And Israel's punishment of Gaza--its military and economic siege that has made life a daily struggle to survive in the face of food, medical and electricity shortages--has served as a cautionary tale that any resistance strategy comes with a heavy price. So the PA continues its dead-end strategy of hoping against hope that negotiations alone will produce some meager results they can offer to the Palestinian people.

For the U.S., the peace process has enabled it to pose as the "honest broker" between the two sides--and thus make itself central to any number of negotiations around regional political and economic questions. But in reality, the U.S. has given Israel unswerving political, economic and military backing to continue its domination of the Palestinian people, safeguarding Israel's colonial project and ensuring Palestinian dispossession.

MEANWHILE, THE U.S. has been playing the long game throughout the Middle East, balancing among its allies and their often-conflicting interests.

After George W. Bush's disastrous 2003 invasion of Iraq, the U.S. was compelled to incorporate Iran into its balancing act, working with its longtime adversary to stabilize Iraq while also pursuing a carrot-and-stick regime of sanctions to get Iran to dismantle its nuclear program.

Trump's decision to recognize Jerusalem only makes the network of alliances the U.S. depends on throughout the region that much more fragile.

One of the cornerstones of the peace process is the idea that all major issues--including boundaries, security, refugee rights and the status of Jerusalem--would be decided in final-status negotiations by Israel and the PA. Any unilateral decisions by either side have been considered a potentially fatal blow to the process.

While Israel and the PA regularly accuse one another of making such unilateral moves, it now turns out that the U.S. under Trump was the first to cross the line about Jerusalem.

The end result is that the PA, which was already flirting with the idea of abandoning the two-state solution--in favor of calling for one state with equal rights for Jews and Palestinians--has now declared that the U.S. should have no further role in negotiations.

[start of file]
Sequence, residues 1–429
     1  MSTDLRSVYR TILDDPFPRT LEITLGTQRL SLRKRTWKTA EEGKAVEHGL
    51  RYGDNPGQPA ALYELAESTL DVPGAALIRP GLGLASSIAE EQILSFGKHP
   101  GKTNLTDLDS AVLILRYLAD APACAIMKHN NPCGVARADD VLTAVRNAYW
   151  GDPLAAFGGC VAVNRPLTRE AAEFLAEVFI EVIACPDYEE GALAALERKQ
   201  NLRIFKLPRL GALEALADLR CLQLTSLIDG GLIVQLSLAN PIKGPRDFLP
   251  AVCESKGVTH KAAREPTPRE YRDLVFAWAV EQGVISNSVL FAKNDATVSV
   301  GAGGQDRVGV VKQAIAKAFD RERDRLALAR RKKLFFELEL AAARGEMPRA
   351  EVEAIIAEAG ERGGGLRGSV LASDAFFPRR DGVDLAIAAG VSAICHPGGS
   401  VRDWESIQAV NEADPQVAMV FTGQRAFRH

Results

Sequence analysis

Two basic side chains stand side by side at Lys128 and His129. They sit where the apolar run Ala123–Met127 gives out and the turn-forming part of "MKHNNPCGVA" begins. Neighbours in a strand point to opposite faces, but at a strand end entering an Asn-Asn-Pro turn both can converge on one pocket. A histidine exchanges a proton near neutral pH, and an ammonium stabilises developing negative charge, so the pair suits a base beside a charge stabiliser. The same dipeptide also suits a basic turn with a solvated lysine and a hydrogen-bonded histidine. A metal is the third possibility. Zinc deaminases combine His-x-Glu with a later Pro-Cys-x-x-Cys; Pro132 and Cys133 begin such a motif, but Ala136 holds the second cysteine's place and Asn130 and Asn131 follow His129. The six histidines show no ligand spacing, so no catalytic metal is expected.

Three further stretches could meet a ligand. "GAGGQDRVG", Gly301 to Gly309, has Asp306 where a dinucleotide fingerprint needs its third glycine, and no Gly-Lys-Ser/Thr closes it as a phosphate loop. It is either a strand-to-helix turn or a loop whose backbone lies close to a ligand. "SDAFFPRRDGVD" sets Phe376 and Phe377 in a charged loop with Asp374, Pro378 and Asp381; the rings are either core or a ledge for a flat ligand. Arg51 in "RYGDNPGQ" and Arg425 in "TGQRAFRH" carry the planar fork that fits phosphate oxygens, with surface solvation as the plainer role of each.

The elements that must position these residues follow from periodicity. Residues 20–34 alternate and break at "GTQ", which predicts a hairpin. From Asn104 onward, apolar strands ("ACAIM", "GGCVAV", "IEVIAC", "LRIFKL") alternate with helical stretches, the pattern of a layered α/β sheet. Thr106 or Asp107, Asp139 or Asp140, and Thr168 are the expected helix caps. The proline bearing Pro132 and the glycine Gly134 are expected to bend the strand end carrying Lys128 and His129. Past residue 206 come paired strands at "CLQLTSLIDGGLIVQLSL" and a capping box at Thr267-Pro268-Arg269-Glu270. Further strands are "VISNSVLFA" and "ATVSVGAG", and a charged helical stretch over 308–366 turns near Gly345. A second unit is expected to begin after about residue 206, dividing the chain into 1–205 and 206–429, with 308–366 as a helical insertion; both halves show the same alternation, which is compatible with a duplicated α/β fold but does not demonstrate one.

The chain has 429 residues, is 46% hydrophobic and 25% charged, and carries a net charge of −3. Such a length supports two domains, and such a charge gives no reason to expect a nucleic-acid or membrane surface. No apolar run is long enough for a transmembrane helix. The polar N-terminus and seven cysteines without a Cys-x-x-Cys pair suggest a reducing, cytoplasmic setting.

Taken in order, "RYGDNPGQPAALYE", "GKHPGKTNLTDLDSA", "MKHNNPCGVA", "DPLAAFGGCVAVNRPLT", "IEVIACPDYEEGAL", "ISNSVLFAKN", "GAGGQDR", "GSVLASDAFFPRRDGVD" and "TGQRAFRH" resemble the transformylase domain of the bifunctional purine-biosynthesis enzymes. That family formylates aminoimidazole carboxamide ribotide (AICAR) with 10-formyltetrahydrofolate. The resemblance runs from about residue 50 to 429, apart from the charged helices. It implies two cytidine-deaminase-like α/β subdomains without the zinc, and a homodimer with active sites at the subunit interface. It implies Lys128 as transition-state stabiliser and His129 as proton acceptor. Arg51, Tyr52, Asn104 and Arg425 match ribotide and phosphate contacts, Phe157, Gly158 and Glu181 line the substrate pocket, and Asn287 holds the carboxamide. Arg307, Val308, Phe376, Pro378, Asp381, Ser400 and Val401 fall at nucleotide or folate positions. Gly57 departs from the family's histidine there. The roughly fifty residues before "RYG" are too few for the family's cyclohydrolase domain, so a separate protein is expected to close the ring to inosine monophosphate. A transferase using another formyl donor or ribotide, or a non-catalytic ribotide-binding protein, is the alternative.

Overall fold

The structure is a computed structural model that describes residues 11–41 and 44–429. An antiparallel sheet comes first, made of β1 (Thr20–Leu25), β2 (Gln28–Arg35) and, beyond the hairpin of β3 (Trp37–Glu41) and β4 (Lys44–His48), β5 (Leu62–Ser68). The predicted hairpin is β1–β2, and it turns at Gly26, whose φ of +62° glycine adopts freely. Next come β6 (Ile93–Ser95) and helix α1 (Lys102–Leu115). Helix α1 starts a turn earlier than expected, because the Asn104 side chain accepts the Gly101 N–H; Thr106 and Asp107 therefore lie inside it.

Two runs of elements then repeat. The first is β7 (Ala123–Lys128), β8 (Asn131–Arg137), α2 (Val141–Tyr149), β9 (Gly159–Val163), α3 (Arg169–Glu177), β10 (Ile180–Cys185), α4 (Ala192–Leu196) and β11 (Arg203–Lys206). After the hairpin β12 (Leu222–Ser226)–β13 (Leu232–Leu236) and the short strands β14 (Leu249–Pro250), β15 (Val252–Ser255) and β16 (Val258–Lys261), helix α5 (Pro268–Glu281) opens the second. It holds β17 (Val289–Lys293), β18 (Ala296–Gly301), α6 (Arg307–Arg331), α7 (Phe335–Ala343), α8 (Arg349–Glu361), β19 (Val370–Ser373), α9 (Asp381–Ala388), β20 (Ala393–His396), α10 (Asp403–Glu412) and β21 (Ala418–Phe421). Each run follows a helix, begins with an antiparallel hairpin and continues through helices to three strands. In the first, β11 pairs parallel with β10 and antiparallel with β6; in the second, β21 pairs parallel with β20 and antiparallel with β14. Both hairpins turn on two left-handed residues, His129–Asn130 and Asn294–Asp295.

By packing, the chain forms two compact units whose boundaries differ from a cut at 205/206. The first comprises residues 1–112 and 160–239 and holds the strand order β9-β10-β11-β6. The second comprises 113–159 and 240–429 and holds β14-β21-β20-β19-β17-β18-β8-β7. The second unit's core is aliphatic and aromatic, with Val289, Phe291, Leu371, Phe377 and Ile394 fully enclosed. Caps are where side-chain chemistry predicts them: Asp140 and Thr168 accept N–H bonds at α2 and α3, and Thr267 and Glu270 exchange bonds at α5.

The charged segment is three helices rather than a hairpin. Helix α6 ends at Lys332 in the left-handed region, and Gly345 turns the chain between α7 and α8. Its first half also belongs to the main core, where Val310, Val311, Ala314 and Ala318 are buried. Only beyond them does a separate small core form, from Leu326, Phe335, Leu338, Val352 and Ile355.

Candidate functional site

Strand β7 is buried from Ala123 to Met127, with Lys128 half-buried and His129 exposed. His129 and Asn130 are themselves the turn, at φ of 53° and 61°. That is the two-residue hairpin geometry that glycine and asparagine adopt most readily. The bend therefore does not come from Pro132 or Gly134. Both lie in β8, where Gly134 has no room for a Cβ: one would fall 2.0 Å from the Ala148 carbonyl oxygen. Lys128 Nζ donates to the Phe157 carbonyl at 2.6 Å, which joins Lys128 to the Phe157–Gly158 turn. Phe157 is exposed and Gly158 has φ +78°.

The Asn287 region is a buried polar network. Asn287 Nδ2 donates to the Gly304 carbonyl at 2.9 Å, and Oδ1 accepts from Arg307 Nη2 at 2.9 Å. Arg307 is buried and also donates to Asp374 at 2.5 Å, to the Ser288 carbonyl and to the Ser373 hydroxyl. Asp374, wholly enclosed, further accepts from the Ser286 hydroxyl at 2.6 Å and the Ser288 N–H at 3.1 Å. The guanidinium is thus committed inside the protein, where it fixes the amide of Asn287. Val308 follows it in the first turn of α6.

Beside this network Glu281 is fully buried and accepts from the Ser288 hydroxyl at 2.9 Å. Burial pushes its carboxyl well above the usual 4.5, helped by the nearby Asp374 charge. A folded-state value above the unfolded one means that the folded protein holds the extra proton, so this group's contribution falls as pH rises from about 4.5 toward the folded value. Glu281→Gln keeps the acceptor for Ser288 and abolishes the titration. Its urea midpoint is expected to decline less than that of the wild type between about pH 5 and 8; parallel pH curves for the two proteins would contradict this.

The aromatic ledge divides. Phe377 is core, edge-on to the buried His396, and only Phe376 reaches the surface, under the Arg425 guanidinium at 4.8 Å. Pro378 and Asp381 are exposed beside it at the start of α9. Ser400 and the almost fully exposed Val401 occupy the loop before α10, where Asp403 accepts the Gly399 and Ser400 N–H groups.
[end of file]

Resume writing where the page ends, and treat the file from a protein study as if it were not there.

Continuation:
Other U.S. allies, such as Turkey and Jordan, will also be compelled to move further away, insofar as the U.S. decision has rendered it toxic within Middle East diplomatic circles. Meanwhile, the Trump administration is adding new strains to the U.S. relationship with Iran.

Trump and Israeli Prime Minister Benjamin Netanyahu--who together seem determined to eradicate any trace of Barack Obama's impact on the world--obviously consider the political fallout from the Jerusalem decision a reasonable price to pay.

But the truth is that Obama's policy was just as pro-Israel as Trump's--and more effective.

Obama's Iran deal was structured so that a future U.S. president could easily ratchet up the pressure by simply declaring Iran non-compliant--exactly as Trump threatened to do before ultimately mostly continuing Obama's policy.

The Democratic Party, in fact, doesn't even pretend to offer a kinder, gentler alternative to Trump's policy on Israel. The Democrats' party platform, like the Republicans', has for decades included a reference to Jerusalem as the capital of Israel. Democrats in Congress have repeatedly endorsed Israel's annexation of Jerusalem--recently, Sen. Chuck Schumer actually attacked Trump's "indecisiveness" in moving the embassy to Jerusalem.

But the Democrats have always understood the unspoken rule: It's fine to call for moving the embassy to Jerusalem, but important not to actually do so.

WHICH BRINGS us to the final reason for Trump's Jerusalem decision, and it's the crucial one: Israel, as a state that only confers the full rights of citizenship on Jews while blatantly denying them to Palestinians, is the model ethno-state that Trump fantasizes about the U.S. becoming.

When Trump promises to Make America Great Again, that's his aspiration.

Israel is a shining example of what the U.S. could be to the American right, from Trump through to outright fascists--an America of, by and for white nationalists.

That's why Richard Spencer, a leading white nationalist in the alt-right movement, never tires of pointing to Israel as a model for the kind of ethno-state he favors.

Trump is merely following Spencer's lead: The white supremacist in the White House is acknowledging the Zionist supremacists of Judea and Samaria.